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Maple Syrup Festival celebrates annual tradition of tapping trees

March 25, 2019   ·   0 Comments

By Brian Lockhart

It happens for only a few short weeks each spring.

The syrup in sugar maple trees starts to flow and when it does, that is the only opportunity to tap the trees to make maple syrup.

The Island Lake Conservation Area celebrates the annual natural event by hosting a Maple Syrup Festival and welcoming visitors to see how it is made, how it tastes, and go on a tour of the facilities.

While maple syrup is produced in the sugar shack, there are other activities going on as well.

Pancakes are served and of course they are topped with maple syrup.

“We’ve been hosting maple syrup festivals for 24 years here at Island Lake,” explained Island Lake Conservation Area superintendent Yasmine Slater. “Under the Sugar Bush Festival we’ve been doing it for four years.”

The Sugar Bush Festival features several festivals at conservation areas around the region and visitors can purchase tickets and attend all of them.

“You can buy a ticket online to come to our festival and you can come as many times as you want here, and at the other locations as well,” Ms. Slater said. “There are also festivals at Terra Cotta, Bruce’s Mill, and the Kortright Centre. What everybody comes for is the Sugar Bush tour. It’s about a 45-minute tour with comedy skits going on, some history, and we have some talk about climate change and the future of maple syrup. We have the sugar shack that is operating now and of course people like the taffy and the pancake house. In the Sugar Shack they show how the evaporator works and how you process maple syrup in modern times and a little history of much it takes to make one litre of maple syrup.”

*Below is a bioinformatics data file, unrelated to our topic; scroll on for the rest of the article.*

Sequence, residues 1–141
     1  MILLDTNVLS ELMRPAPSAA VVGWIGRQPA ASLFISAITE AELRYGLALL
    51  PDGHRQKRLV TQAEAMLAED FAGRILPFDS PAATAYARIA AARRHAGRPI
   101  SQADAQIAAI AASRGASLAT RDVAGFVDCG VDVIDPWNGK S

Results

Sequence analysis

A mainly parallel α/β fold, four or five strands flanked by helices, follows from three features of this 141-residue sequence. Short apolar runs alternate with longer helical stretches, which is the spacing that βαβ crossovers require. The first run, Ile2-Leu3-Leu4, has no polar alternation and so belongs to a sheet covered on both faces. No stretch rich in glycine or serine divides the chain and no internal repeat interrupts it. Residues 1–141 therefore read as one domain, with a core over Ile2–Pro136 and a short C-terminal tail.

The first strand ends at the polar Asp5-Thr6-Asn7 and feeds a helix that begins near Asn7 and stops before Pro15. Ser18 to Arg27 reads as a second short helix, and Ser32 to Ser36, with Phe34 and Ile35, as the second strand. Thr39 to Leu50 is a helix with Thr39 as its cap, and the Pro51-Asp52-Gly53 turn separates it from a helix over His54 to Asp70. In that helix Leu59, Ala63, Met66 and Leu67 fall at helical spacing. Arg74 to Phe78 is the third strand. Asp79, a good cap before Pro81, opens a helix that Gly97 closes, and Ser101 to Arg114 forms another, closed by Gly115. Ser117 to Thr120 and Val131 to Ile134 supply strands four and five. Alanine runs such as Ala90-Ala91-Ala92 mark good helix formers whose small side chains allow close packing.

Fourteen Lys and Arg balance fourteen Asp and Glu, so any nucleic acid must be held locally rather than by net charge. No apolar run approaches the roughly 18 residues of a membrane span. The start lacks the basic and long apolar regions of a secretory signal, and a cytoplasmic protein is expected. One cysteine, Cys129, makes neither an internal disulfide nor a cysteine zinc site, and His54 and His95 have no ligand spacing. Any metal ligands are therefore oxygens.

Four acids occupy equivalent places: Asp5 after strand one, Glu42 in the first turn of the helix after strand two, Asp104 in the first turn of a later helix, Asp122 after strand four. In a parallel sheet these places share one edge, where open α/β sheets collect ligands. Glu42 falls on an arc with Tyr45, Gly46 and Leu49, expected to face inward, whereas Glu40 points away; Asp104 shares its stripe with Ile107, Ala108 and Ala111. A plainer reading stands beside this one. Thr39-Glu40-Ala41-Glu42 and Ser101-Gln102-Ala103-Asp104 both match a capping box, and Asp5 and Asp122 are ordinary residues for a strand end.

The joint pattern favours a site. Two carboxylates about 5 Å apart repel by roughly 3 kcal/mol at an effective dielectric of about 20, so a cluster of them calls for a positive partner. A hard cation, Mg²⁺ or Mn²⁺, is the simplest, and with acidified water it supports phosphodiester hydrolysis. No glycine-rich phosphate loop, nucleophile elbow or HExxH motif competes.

Other demonstrations feature syrup being boiled over an open fire the way it used to be done in pioneer days.

If you want to try the tour with a twist, Maple Syrup by Lamplight will take place on Friday, April 5, and Saturday, April 6. This a 19-plus only event, as alcohol will be served.

“It’s an hour and a half tour,” Ms. Slater explained. “You get an hour tour of the sugar bush by lamplight and then a half hour to try snacks and local food. There’s an eight o’clock and nine o’clock tour each night.

The Island Lake festival took place last Friday, March 15, and Saturday, March 16, and will be on again this weekend, on Saturday, March 23.



         

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